The League of American Bicyclists (LAB) released their third annual “Where We Ride” report yesterday in which they crunch the numbers from the 2014 US Census American Community Survey.
As LAB report notes, “There are at least two limitations to the data: 1) it only measures how someone usually gets to work in the last week before the question was asked, and 2) it only captures the mode used for the most distance. These limitations mean that occasional bike commuters and multimodal commuters who use bikes are unlikely to be captured by ACS data.”
In San Francisco, for example, the ACS data comes nowhere close to counting all of the people who ride bikes to work. Thousands of people either bike in from neighboring counties, or they bring their bikes onboard transit services from those other counties.
The other weakness is the ACS data does not capture all bike trips. If you bike to school, to the cafe, to the store, or for recreation, your trip is not captured in this survey. You have to find this other travel information at either the National Household Travel Survey, which captures travel with multiple modes for all reasons at the national level, or the California Household Travel Survey for California. Both of these are large, occasional surveys; California, for example, collects statewide travel data once a decade. Perhaps a clever data scientist has found a way to predict actual bike usage from the ACS data by finding correlations with the travel survey data and the handful of city traffic counts that now include biking information.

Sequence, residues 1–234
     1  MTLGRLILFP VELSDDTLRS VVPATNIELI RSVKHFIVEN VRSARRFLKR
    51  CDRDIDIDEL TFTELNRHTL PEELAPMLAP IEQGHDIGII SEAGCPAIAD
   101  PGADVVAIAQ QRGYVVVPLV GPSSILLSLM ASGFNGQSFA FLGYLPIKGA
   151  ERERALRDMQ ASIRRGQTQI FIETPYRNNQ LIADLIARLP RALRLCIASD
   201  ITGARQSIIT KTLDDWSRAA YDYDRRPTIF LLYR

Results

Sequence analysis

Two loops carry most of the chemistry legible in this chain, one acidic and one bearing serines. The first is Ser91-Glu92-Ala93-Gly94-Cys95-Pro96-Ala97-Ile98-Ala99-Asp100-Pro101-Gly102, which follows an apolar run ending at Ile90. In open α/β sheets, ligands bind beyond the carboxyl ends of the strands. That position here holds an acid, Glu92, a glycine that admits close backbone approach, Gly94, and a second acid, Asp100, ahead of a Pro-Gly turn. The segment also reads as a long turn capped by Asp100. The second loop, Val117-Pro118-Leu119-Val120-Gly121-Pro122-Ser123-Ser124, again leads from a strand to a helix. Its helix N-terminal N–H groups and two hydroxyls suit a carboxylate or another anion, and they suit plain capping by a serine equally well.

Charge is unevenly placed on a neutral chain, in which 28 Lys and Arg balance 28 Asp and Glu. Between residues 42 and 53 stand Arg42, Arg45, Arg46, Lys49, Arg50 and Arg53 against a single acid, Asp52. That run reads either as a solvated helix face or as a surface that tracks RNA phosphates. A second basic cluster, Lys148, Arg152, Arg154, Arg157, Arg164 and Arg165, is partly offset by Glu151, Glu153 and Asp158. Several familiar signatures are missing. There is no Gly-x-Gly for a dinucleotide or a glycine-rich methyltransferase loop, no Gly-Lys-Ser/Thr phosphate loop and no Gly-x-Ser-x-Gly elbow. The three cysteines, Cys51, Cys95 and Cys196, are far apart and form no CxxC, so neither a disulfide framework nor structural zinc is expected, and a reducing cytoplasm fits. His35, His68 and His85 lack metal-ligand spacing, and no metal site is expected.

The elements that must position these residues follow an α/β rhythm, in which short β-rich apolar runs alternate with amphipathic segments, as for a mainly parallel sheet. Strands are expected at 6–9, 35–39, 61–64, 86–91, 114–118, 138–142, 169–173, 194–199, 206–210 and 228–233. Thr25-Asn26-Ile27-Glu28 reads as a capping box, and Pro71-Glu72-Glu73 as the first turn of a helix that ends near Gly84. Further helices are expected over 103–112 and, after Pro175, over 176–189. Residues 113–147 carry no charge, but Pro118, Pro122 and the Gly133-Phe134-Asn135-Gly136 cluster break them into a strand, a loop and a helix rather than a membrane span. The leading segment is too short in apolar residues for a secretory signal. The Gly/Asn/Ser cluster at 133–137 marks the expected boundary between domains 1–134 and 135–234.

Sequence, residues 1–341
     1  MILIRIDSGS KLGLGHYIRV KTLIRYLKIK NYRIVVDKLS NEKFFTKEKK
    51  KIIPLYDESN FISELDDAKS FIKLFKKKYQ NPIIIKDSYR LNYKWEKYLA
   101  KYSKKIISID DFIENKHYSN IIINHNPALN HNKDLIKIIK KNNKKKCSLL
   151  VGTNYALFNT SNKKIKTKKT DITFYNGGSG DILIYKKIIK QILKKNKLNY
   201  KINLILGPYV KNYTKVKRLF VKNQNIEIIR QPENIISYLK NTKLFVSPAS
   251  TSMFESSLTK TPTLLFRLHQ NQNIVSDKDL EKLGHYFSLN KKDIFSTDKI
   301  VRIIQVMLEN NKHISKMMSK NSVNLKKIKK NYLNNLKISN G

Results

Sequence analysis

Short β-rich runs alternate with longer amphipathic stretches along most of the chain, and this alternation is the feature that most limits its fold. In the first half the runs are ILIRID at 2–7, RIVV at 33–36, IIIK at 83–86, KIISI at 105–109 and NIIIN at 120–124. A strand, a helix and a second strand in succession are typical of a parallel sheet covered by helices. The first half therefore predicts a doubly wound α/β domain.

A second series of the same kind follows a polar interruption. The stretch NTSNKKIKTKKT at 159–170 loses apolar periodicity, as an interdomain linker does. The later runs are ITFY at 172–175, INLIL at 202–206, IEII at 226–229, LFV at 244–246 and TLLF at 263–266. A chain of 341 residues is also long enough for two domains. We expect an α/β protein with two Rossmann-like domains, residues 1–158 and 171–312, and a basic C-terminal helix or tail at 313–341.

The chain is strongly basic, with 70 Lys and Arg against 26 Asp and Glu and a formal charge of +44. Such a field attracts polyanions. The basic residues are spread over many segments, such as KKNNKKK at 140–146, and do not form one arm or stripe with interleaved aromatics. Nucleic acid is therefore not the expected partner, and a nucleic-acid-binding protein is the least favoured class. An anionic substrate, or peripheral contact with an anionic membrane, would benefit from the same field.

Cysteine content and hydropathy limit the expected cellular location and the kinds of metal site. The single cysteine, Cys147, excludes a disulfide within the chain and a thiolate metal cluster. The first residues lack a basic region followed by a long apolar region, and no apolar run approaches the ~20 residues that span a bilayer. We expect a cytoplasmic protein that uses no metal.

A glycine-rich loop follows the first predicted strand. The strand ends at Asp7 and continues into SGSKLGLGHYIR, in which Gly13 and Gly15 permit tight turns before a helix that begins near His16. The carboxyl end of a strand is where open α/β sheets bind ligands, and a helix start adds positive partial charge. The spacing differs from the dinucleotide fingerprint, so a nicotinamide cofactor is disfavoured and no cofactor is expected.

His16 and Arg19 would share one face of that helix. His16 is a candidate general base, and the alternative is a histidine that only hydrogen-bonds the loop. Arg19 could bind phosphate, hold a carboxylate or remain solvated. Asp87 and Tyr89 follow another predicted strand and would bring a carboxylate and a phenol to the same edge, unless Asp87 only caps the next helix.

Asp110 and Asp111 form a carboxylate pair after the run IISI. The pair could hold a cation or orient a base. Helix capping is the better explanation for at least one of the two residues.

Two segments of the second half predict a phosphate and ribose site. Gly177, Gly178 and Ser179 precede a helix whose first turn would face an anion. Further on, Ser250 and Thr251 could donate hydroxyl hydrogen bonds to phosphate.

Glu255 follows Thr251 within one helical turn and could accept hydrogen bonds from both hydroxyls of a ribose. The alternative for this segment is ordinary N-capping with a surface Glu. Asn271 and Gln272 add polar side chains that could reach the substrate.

With all of those disclaimers out of the way, I think the data is useful to capture large trends. You can read the report here.
To encourage you to read the report, I’ll have a trivia quiz with a GIVEAWAY tomorrow. I’ll have one simple question that I will post Friday late morning (California time); the first to answer it correctly wins a copy of the brand new Horton Collection book Shoulder to Shoulder: Bicycle Racing in the Age of Anquetil or an Amazon gift card if you live outside of the USA.
Thanks, again, for noting some of the issues with ACS numbers as a proxy for bicycling participation. The biggest one for me is that it only counts working people on their work commute.
That might seem reasonable until you realize that:
* Only 44% of the US population is employed, so 140 Million Americans are not counted
* Work commutes only account for half the mileage of most vehicles, and an even smaller percentage of trips
So a city who does an amazing job to make bicycling convenient, pleasant and safe and had lots of daily bike traffic, but whose residents live far from jobs will rate poorly. Good example: Coronado in San Diego County has only 4.5% bike share according to ACS, but has 70% of its kids biking and walking to school. I bet far more than 4.5% of its adults bike for errands and to the beach too.
This doesn’t mean ACS data is useless, but it needs to be augmented with other measures that are more inclusive. And I’m going to keep banging my drum to do what I can to make that happen.